It was 1997 and I was a wee lad of only 11 years old. I had spent the day hanging out with my “cool” Uncle, and we had just gotten back from a late night (well, late night for an 11 year old) showing of “Starship Troopers”. Flush with energy from the large Cherry Coke, the box of Buncha Crunch and the gratuitous sci-fi violence I had just consumed, my Uncle realized that the only way this day could get any cooler was to introduce me to a little video game he had been playing recently called “Resident Evil”. At the time I was a Nintendo 64 kid and was therefore sheltered from the adult themes and graphic violence featured on the Playstation, so my little mind wasn’t ready for what I was about to see next. Zombies graphically tearing away at the flesh of the living. Giant spiders dropping from the ceiling in front of the player. Oh, and of course, those goddamn dogs that jumped through the windows. It was terrifying and I don’t think I slept a wink that night. To this day, the original “Resident Evil” still holds a special place in my heart and I try to go back and revisit it every October when Halloween’s lurking around the corner. As scary as the original “Resident Evil” was, it doesn’t top my list of scary video games. That honor belongs to an unassuming little puzzle game called “Catherine”.
What makes “Catherine” so terrifying you ask? Well, it’s certainly not zombies, as there are none of those. Or giant spiders, crazy chainsaw wielding Europeans, horribly deformed aliens or any of the things that you’ll find in modern day horror games for that matter. And it’s certainly not the gameplay. You’ll never find yourself outrunning a horde of bloodthirsty creatures out to kill you, but you certainly will find yourself moving a lot of blocks and climbing a tower like some weird hybrid of “Q*Bert” and “Intelligent Qube” (yeah, an “Intelligent Qube” reference, get on my level). So if there’s no traditional horror elements and it’s a puzzle game, how can “Catherine” leave a grown man scared shitless? The process of elimination would leave one thing, the story.
“Catherine” follows the story of a young man in his twenties named Vincent. Vincent hates his shitty programming job, has no long term hopes, dreams or aspirations, and is pretty much a glorified man-child. Despite this, Vincent is in a long term relationship with a woman named Katherine, who’s pretty much the exact opposite. She excels at her job, sets long term goals (which include marriage and babies), and is pretty much the model modern woman. While there’s some pretty obvious problems with this relationship on paper, the largest is easily the fact that Vincent keeps waking up next to a different woman named Catherine, a bubbly sexpot that’s shows signs of being pretty unhinged and possibly dangerous. Thing is, Vincent never remembers going home with her, much like he never remembers the night terrors he has every night that involve him climbing a seemingly endless tower to escape from an unknown horror.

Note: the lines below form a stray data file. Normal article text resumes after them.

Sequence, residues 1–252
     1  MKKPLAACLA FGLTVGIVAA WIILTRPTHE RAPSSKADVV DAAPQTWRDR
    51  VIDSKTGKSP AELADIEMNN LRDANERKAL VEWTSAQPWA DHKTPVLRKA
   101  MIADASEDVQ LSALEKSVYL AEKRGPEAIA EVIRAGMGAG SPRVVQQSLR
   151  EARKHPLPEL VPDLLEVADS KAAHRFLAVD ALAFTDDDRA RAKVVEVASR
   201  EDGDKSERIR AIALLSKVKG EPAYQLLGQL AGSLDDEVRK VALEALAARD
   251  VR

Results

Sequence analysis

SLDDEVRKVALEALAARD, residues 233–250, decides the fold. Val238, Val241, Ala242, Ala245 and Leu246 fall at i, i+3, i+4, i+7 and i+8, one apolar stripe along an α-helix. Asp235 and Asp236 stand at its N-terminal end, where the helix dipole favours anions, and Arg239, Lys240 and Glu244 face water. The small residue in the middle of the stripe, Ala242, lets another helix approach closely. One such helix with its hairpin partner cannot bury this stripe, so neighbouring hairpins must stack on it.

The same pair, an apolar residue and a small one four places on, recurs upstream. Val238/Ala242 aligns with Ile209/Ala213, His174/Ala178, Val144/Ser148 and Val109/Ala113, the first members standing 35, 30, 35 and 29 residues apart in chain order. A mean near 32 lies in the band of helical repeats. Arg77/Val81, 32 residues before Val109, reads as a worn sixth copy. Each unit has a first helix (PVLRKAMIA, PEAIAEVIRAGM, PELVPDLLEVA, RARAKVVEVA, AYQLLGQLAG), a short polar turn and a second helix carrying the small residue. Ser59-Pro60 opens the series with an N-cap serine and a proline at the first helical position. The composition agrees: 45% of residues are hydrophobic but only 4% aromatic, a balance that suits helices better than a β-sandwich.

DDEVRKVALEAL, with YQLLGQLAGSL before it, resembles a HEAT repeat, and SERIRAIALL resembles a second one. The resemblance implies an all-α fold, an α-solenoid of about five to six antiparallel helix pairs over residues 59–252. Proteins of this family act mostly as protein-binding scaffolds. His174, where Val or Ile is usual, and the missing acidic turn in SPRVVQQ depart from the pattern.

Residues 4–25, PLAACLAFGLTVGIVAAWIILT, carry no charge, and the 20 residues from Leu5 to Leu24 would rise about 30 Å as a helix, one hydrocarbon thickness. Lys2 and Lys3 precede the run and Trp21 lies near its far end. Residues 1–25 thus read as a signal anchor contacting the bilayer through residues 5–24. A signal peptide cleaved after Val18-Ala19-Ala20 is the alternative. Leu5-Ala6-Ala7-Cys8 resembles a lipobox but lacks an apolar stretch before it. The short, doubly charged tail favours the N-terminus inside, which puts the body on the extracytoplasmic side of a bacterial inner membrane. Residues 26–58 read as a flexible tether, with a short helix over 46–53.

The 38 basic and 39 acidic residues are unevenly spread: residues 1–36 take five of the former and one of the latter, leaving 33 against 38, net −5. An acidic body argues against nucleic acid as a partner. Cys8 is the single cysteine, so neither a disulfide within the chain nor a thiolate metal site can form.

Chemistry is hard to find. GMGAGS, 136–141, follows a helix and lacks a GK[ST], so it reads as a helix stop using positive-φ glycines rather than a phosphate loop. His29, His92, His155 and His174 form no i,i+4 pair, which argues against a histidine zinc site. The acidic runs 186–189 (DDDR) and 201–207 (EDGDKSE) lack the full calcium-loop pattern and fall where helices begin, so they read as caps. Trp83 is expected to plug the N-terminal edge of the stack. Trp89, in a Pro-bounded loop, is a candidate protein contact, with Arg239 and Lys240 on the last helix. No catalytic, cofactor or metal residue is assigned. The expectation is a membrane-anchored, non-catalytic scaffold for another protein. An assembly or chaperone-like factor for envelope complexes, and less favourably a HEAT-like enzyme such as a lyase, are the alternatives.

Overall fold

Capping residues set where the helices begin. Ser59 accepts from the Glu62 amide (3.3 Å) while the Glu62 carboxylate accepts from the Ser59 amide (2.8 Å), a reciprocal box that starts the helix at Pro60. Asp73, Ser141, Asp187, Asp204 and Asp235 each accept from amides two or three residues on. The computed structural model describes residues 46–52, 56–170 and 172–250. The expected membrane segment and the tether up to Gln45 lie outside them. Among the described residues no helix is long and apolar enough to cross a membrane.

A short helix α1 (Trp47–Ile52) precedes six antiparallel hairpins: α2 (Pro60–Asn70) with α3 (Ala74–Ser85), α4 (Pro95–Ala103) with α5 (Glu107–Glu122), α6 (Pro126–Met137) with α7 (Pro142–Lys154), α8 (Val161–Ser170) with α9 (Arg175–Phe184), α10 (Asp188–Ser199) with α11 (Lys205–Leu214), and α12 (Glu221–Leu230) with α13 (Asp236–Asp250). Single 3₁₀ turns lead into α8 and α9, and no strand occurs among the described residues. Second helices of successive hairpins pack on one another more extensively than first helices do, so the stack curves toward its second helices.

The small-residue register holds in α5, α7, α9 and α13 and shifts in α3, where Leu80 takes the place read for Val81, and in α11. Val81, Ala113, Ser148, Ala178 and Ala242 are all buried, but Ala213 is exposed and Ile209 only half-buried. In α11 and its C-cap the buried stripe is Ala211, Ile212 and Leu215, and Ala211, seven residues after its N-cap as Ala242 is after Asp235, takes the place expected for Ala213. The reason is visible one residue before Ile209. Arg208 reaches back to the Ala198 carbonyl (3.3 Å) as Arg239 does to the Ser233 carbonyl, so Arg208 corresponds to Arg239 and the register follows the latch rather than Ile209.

Now, I’ve never found myself in a love triangle, never cheated on a significant other, nor am I an aimless bum with no long term goals. I in no way resemble the main character of Vincent, outside of the fact that we both go weeks in between shaves and hate wearing suits. But I have found myself awake at 3:00 in the morning, heart racing, because of work related stress. I’ve had panic attacks after break-ups. The thought of having a child is a thought so terrifying I can barely even conceive of it as a reality. These are all real fears that pretty much every man in his mid-twenties has, and that’s what makes “Catherine” such an effectively terrifying game. The terror it dishes out is based in reality. While some aspects of the game may touch upon the supernatural or be stylized, the root cause of the horror are all things pretty much every man in his mid-twenties can relate to.
Playing video games is a form of escapism. The momentary “oh shit” feeling I get when those goddamn dogs jump out of the window in “Resident Evil” crowds out the stress of everyday life, if only for an instant. For a lot of men, that stress is caused by a fear of the future and the uncertainty that comes with it. At some point in time, jobs become careers, girlfriends become fiances, fiances become wives and wives become mothers of your children. These are frightening transitions for many as each one signals the progressive death of youth, and the inevitable advancement towards the ultimate end we all face. The greatest, most terrifying thing about “Catherine” is that instead of allowing you to momentarily escape these fears, it causes you to face them fears head on, and confront the fact that they are unavoidable.
Since the release of “Resident Evil” back in 1996, game developers have seemingly been in an arms race to see who could make the most terrifying game. Soon enough the zombies of “Resident Evil” weren’t enough, and games actively started to mess with the player in creative ways such as in “Eternal Darkness”. HD systems brought in games like “Dead Space” that masterfully created deeply unsettling environments through the use of lighting and sound (seriously, play that game and tell me you can listen to “Twinkle, Twinkle, Little Star” again without being creeped out). The thing is, the developers for these games all missed the most terrifying subject of all, the things that gamers play these games to escape.
The next time you’re looking for a truly scary game to play, look past the zombies, the space aliens and the hell demons and look for the puzzle game with the sheep. Trust me, it’ll do the trick.